Despite extensive traditional hand-cutting over many centuries, Irish peatlands remained largely untouched up to the establishment of the Irish Peat Board (Bord Na Móna, BNM) as a semi-state body in 1946. Of the 1.2 million ha of peatlands in the Republic of Ireland, the BNM areas classed as ‘industrial’ now account for about 80,000 ha or 7% of the total peatland area. These BNM areas are located mainly in the midlands and to a lesser extent on blanket bogs in the west and north west of the country. BNM harvests, on average, four million tonnes of peat annually, depending on weather conditions. Approximately three million tonnes are used for energy production, while the rest is used for horticultural peat (2/3) and briquette production (1/3).
Future uses of cutaway peatlands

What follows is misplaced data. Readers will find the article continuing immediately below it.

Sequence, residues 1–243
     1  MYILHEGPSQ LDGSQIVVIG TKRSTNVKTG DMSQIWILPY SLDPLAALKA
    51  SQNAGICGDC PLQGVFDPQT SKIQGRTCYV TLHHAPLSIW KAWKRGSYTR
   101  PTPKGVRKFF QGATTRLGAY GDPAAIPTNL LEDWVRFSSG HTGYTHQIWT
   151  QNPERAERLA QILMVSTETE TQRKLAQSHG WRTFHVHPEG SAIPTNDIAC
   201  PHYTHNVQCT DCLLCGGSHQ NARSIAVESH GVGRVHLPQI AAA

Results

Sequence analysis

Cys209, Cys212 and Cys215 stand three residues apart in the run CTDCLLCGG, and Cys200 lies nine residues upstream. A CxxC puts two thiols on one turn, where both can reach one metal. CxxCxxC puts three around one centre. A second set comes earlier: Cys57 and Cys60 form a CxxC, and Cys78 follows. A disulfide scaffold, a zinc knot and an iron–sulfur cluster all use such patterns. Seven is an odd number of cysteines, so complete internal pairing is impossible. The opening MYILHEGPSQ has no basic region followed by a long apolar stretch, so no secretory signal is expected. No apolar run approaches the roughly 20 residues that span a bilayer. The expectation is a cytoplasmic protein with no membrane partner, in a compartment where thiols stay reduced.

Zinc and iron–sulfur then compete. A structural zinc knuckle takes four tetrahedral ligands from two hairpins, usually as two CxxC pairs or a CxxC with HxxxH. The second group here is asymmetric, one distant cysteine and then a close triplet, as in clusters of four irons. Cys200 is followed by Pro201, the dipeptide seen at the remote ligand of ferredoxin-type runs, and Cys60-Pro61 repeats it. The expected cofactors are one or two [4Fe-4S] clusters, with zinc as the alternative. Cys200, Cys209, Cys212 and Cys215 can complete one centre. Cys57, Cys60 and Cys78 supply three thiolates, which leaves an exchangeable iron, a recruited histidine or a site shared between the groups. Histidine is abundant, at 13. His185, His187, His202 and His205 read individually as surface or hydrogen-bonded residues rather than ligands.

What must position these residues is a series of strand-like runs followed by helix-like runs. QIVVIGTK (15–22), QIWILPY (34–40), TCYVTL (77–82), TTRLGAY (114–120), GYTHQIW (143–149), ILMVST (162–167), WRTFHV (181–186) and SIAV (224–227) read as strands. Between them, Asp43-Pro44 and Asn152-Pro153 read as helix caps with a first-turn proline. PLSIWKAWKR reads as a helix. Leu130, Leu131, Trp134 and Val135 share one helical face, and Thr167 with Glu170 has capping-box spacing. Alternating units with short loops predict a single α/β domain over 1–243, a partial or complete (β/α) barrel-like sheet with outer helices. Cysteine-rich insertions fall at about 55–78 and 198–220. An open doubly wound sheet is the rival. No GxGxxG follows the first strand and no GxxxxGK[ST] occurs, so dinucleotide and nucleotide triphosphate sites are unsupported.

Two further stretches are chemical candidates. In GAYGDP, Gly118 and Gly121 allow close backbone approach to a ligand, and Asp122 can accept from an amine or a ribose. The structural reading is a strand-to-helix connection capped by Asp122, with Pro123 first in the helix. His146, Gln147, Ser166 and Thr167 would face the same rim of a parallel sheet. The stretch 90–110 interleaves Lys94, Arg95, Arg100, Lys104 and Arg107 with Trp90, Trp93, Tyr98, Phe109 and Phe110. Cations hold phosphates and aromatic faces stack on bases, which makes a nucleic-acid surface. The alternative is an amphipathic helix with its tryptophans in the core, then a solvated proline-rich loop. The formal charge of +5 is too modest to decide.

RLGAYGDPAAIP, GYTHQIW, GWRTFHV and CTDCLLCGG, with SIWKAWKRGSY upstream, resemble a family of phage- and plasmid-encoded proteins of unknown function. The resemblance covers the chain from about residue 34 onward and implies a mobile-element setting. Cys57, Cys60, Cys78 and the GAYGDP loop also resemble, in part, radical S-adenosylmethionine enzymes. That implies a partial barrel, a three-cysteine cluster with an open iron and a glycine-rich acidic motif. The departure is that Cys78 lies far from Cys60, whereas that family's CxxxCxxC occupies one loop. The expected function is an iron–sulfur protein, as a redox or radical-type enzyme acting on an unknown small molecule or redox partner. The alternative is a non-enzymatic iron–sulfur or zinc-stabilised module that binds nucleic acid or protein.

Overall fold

About 16,000ha of the BNM peatlands have so far become ‘cutaway’ (this does not necessarily mean that the peat has been completely harvested). This area is increasing every year but at a variable rate and it is expected that another60,000ha approximately of peatlands, depending on peat harvesting policy, will become ‘cutaways’ within the next 20-30 years (with some areas, including fringes, remaining untouched). Much forest research has been carried out since the first cutaways became available for post peat harvesting uses in the 1950s. Since then, the emphasis has continually changed, as peat harvesting systems moved from partially cutaway sod peat to exclusively milled peat, resulting in the development of new approaches, research and policies. Over the years, the main areas of investigation have included: grassland, crop production, horticulture, commercial forestry, biomass production, dry-land recolonisation and wetland creation/restorationand recreational use. The options forpost peat harvesting -use are determined to a large extent by the residual peat type and depth, hydrological constraints, geographic location and economic considerations. Although the initial trials established on the afforestation of cutaway bog, established in the mid 1950’s at Clonsast bog in Co Offaly, gave encouraging results, significantly these were carried out on sod peat cutaway which is a distinctly different medium to the milled peat situation that pertains nowadays. Bord Na Mona cutaways are extremely heterogeneous below ground even though the landscape looks deceptively uniform in appearance from above. The peat varies in type, thickness (because of the undulating topography of the bog floor and local harvesting practices), pH, nutrient status, moisture regime (drainage) and in the geomorphology of the underlying (pre-bog) relict mineral soils. All of these factors influence future land-use programmes.